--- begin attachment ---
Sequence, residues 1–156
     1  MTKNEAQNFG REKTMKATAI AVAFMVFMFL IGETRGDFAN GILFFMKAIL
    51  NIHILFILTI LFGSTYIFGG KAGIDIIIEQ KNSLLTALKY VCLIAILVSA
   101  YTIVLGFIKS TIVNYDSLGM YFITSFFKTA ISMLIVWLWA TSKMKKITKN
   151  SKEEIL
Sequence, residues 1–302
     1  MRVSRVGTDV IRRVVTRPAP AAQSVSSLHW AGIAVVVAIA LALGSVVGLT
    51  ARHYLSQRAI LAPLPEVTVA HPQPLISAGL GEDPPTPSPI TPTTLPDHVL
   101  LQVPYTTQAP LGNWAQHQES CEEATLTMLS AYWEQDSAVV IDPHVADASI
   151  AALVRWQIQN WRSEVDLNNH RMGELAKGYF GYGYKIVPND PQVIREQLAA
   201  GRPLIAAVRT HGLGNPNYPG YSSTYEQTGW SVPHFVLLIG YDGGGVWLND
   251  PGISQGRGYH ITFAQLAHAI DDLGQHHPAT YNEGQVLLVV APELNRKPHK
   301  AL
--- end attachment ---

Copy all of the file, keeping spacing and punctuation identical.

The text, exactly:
Sequence, residues 1–156
     1  MTKNEAQNFG REKTMKATAI AVAFMVFMFL IGETRGDFAN GILFFMKAIL
    51  NIHILFILTI LFGSTYIFGG KAGIDIIIEQ KNSLLTALKY VCLIAILVSA
   101  YTIVLGFIKS TIVNYDSLGM YFITSFFKTA ISMLIVWLWA TSKMKKITKN
   151  SKEEIL
Sequence, residues 1–302
     1  MRVSRVGTDV IRRVVTRPAP AAQSVSSLHW AGIAVVVAIA LALGSVVGLT
    51  ARHYLSQRAI LAPLPEVTVA HPQPLISAGL GEDPPTPSPI TPTTLPDHVL
   101  LQVPYTTQAP LGNWAQHQES CEEATLTMLS AYWEQDSAVV IDPHVADASI
   151  AALVRWQIQN WRSEVDLNNH RMGELAKGYF GYGYKIVPND PQVIREQLAA
   201  GRPLIAAVRT HGLGNPNYPG YSSTYEQTGW SVPHFVLLIG YDGGGVWLND
   251  PGISQGRGYH ITFAQLAHAI DDLGQHHPAT YNEGQVLLVV APELNRKPHK
   301  AL